Opioid use, abuse, and overdose have become an epidemic that led to the President declaring it a national public health emergency. The National Institute on Drug Abuse reports that over 115 people die after an opioid overdose each day within the U.S., and according to the CDC, the economic burden of this epidemic within the United States totals to more than $78 billion each year.
Prescription drugs continue to play a significant role in the opioid crisis, and prescription opioids include medications like morphine, oxycodone, fentanyl, codeine, and hydrocodone. With opioid overdose and dependence at a crisis level in this country, clinicians must have detailed knowledge of this disorder. Likewise, it’s essential for pain management providers to be aware of the documentation and coding requirements when encountering cases of opioid use disorder.
Diagnosing Opioid Use Disorder
The proper diagnostic term used for opioid use that becomes problematic is now opioid use disorder, and the Diagnostic and Statistical Manual of Mental Disorders has grouped together opioid abuse, use, and dependence into what’s now referred to as opioid abuse disorder (OAD). To diagnose a patient with opioid use disorder, they may have a “problematic pattern of opioid use” that results in distress or impairment. This must be manifested by a minim of two of the following within a period of 12 months:
- Spending significant time taking, obtaining, or recovering from the effects of opioids
- Taking more of these drugs than they intended
- Continuing the use of these drugs despite social or relationship problems caused by the drug use
- Craving opioid drugs
- Trying to or wanting to control their use of opioids without success
- Increased tolerance for opioid drugs
- Symptoms of withdrawal when opioid drugs aren’t taken
- Failing to take care of important roles at work, school, or home due to the use of opioids
- Reducing or completely giving up activities due to opioid use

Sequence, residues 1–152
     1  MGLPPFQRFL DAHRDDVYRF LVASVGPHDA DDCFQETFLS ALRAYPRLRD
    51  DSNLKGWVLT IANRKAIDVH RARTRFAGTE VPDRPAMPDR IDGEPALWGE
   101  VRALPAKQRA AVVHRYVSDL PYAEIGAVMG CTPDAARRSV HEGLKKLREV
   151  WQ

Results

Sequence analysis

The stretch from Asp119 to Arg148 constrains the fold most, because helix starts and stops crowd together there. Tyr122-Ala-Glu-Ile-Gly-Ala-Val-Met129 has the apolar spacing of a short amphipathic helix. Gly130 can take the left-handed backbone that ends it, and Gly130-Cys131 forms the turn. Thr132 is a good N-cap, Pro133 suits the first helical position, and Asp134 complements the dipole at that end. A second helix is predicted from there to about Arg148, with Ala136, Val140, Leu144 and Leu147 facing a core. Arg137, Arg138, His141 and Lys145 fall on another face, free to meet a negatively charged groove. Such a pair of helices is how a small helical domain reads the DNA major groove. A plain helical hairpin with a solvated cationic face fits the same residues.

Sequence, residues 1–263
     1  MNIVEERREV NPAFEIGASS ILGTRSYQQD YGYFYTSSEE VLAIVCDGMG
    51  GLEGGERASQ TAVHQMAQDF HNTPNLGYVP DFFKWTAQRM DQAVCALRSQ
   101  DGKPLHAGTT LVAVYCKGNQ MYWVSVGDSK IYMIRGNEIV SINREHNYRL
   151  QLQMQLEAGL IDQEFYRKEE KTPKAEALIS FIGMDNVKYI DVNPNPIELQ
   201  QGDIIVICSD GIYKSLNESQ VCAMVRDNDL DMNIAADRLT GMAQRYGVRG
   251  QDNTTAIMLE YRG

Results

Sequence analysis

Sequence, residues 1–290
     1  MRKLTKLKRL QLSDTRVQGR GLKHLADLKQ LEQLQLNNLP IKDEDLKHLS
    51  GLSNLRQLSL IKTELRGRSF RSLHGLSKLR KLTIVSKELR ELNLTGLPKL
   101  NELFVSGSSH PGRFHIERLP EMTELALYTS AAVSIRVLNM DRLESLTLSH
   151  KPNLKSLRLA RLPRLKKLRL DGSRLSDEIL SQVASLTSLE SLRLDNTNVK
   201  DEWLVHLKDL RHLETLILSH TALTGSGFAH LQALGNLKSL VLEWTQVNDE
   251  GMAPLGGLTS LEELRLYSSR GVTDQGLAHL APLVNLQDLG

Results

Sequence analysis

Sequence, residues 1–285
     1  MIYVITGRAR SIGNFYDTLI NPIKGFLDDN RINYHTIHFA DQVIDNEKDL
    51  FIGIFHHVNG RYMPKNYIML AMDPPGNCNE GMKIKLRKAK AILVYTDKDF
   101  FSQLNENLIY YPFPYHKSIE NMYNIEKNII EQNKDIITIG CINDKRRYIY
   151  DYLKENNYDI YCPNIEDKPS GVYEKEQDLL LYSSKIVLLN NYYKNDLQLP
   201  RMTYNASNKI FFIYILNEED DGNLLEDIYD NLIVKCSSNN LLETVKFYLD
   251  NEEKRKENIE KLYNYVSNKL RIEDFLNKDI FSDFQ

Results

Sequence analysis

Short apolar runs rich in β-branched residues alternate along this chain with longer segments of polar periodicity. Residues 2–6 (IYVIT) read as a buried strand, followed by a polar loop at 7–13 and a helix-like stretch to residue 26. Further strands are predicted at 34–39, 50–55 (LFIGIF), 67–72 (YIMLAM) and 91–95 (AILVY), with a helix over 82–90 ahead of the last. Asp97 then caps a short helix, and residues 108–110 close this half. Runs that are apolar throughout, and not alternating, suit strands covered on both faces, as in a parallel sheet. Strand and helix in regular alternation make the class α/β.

- Realizing that the use of opioids is causing psychological or physical problems, yet continuing to take them
- Using opioid drugs even when it’s considered unsafe physically
The severity level of opioid use disorder is determined based upon the number of symptoms the patient meets for diagnosis of OUD.
- Mild – Patient has 2-3 of the previously noted symptoms
- Moderate – Patient has 4-5 of the previously noted symptoms
- Severe – Patient has 6 or more of the previously noted symptoms
Once a patient has been diagnosed with opioid use disorder, they may be in sustained remission (12 or more months without using), early remission (3-12 months of not using), or no remission.
How to Code Opioid Use
Opioid use, abuse, and dependence are coded within category F11, and the codes you use are chosen based upon whether the patient is dependent on, abusing, or using opioids. Associated complications are also taken into consideration, and subcategories have various complications, so it’s essential to ensure every subcategory is reviewed to ensure you’re using the proper code. In general, F11.10 is used for opioid use disorder, mild and F11.20 is used for opioid use disorder that is either moderate or severe.
When determining which specific code to use when pain management providers documentation refers to the dependence, abuse, and use of opioids, it’s important to only use one code for the pattern of use. This should be done using this hierarchy:
- If there’s documentation for both abuse and use, then only the code for abuse should be used.
- If there’s documentation for both dependence and abuse, only the code for dependence should be used.
- If documentation is provided for dependence, use, and abuse, then only the code for dependence should be used.
- If there’s documentation for both dependence and use, only the code for dependence should be used.
Sometimes documentation provided by a provider may not be detailed enough for you to assign the proper code. In this case, you may need to ask for any additional missing information on the patient to help determine the correct code. Proper provider documentation is essential to accurately tracking opioid use disorder, so it’s critical that providers are education to avoid using the words “abuse” and “use” interchangeably. Providers should also avoid documenting with the words “abuse” or “use” when patients are genuinely dependent upon an opioid drug.
As a medical billing and coding specialist that specializes in pain management, M-Scribe understands many of the challenges that come with coding opioid use disorder and other related complications. Contact M-Scribe today to learn more about how we can help you with your billing and coding needs to maximize practice revenue.